WASHINGTON – When Saeed and Nasser Salamah, Arab brothers and residents of Yasser Arafat’s Palestinian Authority, converted from Islam to Christianity, they didn’t know it would cost them their homes, their friends – possibly even their lives.
Saeed Salamah was an active member of Fatah, Arafat’s own party, when he converted. For this “crime” of conscience, he was imprisoned and tortured, according to a French Christian group and the Religious Freedom Council.
The brothers decided their only hope was to escape to Israel – and then, perhaps, to France or some other Western nation where they could practice their new faith freely.
With one of them facing a death sentence, they escaped from a Palestinian Authority jail and made it to Israel.
But their problems are far from over.
Israel has only been willing to issue them 30-day permits. They are now facing deportation back to the Palestinian Authority – and, perhaps, death.
Fatah has accused both brothers of being Israeli collaborators. That charge often results in public lynching in the Palestinian Authority. The brothers now fear a sister may have been murdered since they arrived in Israel. She has vanished without a trace, they say.
Rep. Jo Ann Davis, R-Va., and the Religious Freedom Coalition are calling upon Israel to extend asylum – at least long enough so arrangements for emigration to Europe or elsewhere can be made.
Davis, who sits on the House International Relations Committee and the Subcommittee on the Middle East, has formally asked the Israeli government through U.S. Ambassador Daniel Ayalon to assist the Salamahs.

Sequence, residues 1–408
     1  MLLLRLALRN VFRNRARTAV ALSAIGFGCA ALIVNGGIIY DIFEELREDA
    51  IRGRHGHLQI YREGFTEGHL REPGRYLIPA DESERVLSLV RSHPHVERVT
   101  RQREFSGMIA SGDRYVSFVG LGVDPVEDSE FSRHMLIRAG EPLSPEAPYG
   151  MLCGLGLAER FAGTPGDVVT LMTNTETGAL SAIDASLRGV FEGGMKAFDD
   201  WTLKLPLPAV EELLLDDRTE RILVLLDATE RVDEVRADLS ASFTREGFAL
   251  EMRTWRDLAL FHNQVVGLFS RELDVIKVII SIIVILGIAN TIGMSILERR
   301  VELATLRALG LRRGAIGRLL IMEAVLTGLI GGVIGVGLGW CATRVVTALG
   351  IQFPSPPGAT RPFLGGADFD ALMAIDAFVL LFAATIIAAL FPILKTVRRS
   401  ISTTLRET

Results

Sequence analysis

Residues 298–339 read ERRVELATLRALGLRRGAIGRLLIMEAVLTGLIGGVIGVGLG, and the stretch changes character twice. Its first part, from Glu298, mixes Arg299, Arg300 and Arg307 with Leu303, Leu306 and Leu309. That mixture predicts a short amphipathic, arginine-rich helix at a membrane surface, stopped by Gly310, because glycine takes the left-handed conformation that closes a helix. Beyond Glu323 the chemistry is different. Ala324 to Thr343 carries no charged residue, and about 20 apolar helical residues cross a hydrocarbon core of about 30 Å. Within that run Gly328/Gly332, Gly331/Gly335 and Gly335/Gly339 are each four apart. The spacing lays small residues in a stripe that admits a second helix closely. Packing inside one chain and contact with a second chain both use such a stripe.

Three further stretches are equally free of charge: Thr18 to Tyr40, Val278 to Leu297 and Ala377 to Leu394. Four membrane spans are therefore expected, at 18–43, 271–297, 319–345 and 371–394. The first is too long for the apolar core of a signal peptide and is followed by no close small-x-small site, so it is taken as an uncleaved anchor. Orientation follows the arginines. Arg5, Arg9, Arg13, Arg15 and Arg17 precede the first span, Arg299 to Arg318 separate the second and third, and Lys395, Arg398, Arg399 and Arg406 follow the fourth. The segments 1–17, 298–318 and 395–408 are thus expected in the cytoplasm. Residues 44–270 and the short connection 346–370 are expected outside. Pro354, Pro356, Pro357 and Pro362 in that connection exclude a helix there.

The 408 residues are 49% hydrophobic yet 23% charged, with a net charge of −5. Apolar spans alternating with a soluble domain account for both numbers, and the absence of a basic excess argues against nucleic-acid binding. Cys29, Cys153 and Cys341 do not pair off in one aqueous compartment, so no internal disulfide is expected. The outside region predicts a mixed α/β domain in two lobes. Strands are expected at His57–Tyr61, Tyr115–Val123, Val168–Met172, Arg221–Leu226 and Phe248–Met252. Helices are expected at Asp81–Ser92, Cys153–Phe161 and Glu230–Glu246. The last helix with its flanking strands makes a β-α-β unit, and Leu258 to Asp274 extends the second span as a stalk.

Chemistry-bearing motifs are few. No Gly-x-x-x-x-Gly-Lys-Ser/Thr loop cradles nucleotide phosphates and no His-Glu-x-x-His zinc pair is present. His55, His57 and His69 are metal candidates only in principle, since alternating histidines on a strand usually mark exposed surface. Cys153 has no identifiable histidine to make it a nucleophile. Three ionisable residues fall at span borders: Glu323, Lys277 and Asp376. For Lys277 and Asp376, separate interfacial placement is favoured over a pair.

“I request that you contact your appropriate officials in the Israeli government on behalf of these two brothers and recommend that they be granted asylum in your country,” Davis’ letter to Ayalon said. “I will conclude by noting that your nation remains in my thoughts and prayers due to the countless violent attacks your countrymen have endured in the past months.”
At least 200 Palestinians suspected of collaborating with Israel are being held in Palestinian Authority prisons, according to Arab sources.
Most were arrested by PA security forces in the Gaza Strip over the past two years, the sources said. Dozens of suspected Palestinian collaborators have been killed since the beginning of a Palestinian uprising in September 2000.
In a three-month period last summer, some 14 Palestinians were lynched in the town of Tulkarm alone – all on charges of collaboration with Israel.
More than 60 Palestinians from the West Bank and Gaza Strip have been killed since the beginning of the intifada for allegedly helping Israel’s Shin Bet security service. The PA executed at least five others for the same reason.
Palestinian human-rights groups and families of the detainees have complained that many were tortured during interrogation and some were forced to sign confessions.
William Murray, chairman of the Religious Freedom Coalition, has worked to expose anti-Christian persecution within the Palestinian Authority. That bigotry, he says, is often disguised by charges of collaboration with Israel.
“In that part of the world, your religion is on your birth certificate,” he said. “In the case of Muslims renouncing their birth religion of Islam can result in banishment or violence.”
Murray said one of the brothers has been tortured by the PA police so severely that he bears the permanent scars of that ordeal.
“We have an opportunity to reach out and help Palestinians who don’t hate America, and it is an opportunity we should not ignore,” Murray said.
He added: “There is widespread knowledge of the persecution of Jews in Islamic areas of the world, but little attention is paid to the price that is paid by Muslims who convert to Christianity. That price is often death.”
Murray concluded, “The Religious Freedom Coalition will work vigorously to bring these brothers and their families to safety, either in Israel or another Western nation.”
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